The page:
GAS FROM WASTE MATERIAL
I have been running an experiment during the burning of private sensitive paperwork, The paper is screwed up into twists and stacked vertically in a cast steel container. The container is about 300mm wide and 450mm deep, which was surplus from a solid fuel to gas AGA conversion. A grate has been fitted to the bottom. When full, the top of the fill is lighted by means of a blowtorch, for convenience. The fire gradually burns down and after about 1 minute, the whole top area is a flame which resembles a low pressure Bunsen flame. This flame is sustained by the gasses produced by the carbonisation of the contents. Virtually no smoke escapes as the whole of it is burned. During the carbonisation phase I have put various substances into the container to see what happens. Anything and everything capable of producing gas when heated contributes to the flame. This seems to indicate that most landfill waste could be transformed into a useful gas product. The process is an analogy of a continuous retort. If material is fed in during the carbonisation phase there is no limit to the length of the process. Left to its own devices the burn has three distinct phases:-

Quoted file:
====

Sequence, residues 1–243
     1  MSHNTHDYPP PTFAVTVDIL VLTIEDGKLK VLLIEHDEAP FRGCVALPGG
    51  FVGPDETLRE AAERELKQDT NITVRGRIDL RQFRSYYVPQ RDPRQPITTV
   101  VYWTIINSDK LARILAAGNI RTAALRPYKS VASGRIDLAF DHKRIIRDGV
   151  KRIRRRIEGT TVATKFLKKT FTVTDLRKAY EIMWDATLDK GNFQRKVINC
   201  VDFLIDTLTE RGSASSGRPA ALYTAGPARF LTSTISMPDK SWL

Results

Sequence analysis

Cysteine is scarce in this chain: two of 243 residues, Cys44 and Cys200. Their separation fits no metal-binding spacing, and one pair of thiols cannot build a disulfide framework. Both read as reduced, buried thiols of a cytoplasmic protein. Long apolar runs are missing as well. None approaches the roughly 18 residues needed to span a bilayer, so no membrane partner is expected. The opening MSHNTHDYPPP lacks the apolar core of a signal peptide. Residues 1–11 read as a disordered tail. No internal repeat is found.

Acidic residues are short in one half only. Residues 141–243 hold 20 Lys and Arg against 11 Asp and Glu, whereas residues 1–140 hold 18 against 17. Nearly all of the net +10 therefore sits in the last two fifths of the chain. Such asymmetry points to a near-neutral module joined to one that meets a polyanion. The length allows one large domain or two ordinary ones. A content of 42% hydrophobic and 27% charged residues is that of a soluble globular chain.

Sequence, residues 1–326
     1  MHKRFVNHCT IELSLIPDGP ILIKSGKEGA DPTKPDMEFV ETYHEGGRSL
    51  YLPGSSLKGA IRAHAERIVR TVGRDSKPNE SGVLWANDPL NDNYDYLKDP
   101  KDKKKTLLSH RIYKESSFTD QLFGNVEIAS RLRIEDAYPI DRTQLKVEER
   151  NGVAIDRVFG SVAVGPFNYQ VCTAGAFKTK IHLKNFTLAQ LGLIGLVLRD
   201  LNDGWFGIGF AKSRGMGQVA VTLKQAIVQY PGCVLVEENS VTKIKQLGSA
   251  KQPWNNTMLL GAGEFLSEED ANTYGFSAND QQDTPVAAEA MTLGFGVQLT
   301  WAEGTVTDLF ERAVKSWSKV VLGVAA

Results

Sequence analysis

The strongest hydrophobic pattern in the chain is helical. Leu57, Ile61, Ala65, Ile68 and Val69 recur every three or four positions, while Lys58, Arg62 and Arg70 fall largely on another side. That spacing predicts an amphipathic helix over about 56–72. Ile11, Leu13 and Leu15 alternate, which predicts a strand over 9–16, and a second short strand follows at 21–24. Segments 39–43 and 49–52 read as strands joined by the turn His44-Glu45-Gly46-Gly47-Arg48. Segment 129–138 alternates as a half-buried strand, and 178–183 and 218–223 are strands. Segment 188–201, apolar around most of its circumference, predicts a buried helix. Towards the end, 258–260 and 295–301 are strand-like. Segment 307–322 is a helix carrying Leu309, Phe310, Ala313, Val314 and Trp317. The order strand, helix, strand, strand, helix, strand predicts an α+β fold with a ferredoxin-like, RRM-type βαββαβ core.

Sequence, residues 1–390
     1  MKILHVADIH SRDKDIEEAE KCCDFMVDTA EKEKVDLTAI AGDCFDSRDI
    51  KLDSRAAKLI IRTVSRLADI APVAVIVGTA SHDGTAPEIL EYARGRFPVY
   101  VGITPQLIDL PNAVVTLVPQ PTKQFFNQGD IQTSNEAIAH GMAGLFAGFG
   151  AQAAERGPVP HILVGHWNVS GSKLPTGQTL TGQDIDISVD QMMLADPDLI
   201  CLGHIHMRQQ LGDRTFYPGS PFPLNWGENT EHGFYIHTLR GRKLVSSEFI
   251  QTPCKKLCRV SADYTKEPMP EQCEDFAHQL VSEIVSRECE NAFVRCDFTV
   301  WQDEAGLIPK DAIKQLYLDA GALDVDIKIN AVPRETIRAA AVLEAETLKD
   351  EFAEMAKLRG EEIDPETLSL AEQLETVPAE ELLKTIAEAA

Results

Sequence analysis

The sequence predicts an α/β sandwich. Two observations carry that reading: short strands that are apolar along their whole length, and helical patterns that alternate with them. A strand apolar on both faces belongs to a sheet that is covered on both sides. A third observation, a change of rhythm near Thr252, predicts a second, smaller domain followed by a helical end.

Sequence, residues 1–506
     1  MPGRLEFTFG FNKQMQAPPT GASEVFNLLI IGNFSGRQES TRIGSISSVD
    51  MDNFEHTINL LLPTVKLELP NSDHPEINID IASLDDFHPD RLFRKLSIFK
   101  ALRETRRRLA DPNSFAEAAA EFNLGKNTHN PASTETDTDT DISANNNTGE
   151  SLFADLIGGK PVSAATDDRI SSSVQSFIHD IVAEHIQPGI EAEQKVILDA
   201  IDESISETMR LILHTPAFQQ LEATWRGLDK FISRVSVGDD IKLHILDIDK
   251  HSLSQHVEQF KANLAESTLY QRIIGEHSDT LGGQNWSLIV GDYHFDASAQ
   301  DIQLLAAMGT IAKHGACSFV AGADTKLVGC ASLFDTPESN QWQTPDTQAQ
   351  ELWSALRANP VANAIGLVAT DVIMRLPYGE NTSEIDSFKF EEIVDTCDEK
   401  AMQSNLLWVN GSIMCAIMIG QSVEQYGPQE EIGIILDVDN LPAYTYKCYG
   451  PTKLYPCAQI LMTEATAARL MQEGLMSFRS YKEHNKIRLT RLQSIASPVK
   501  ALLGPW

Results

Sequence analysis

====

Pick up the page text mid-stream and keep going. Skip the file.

1. Establishment of the fire during which a developing flame spreads broad and deep.
2. Carbonisation during which the flame is constant until the fuel has been almost used. About 70% of the time.
3. Residual small fire with extensive very hot ash. Then cooling.
With suitable design the gasses could be produced from a continuous retort which is fed with waste under pressure by means of a feed screw, the gasses could be refined for use as fuel gas or the chemicals extracted from the gas as a raw material. This process is, after all, only a similar one which was used to produce ’’Town Gas’’ from coal before natural gas arrived. Anyone ever heard of a GASWORKS????? The solid product would be mostly carbon, which would be easily separated from the metals etc and could then be stored away down worked out mines thus fulfilling the need to remove carbon from the environment.
All waste could be retorted and the useful things such as glass and metals recovered from the retort product thus removing the need for multifarious schemes requiring householders to be an unpaid sorter. Only one bin per household and no jobsworth nitpicking rules about what goes into what bin would go a long way to improve the attitude of the general public. Of course it might also help to relieve the landfill problem.
I find it hard to believe that this has not already been thought of. I wonder if an oil company has bought the rights of the process and is sitting on them.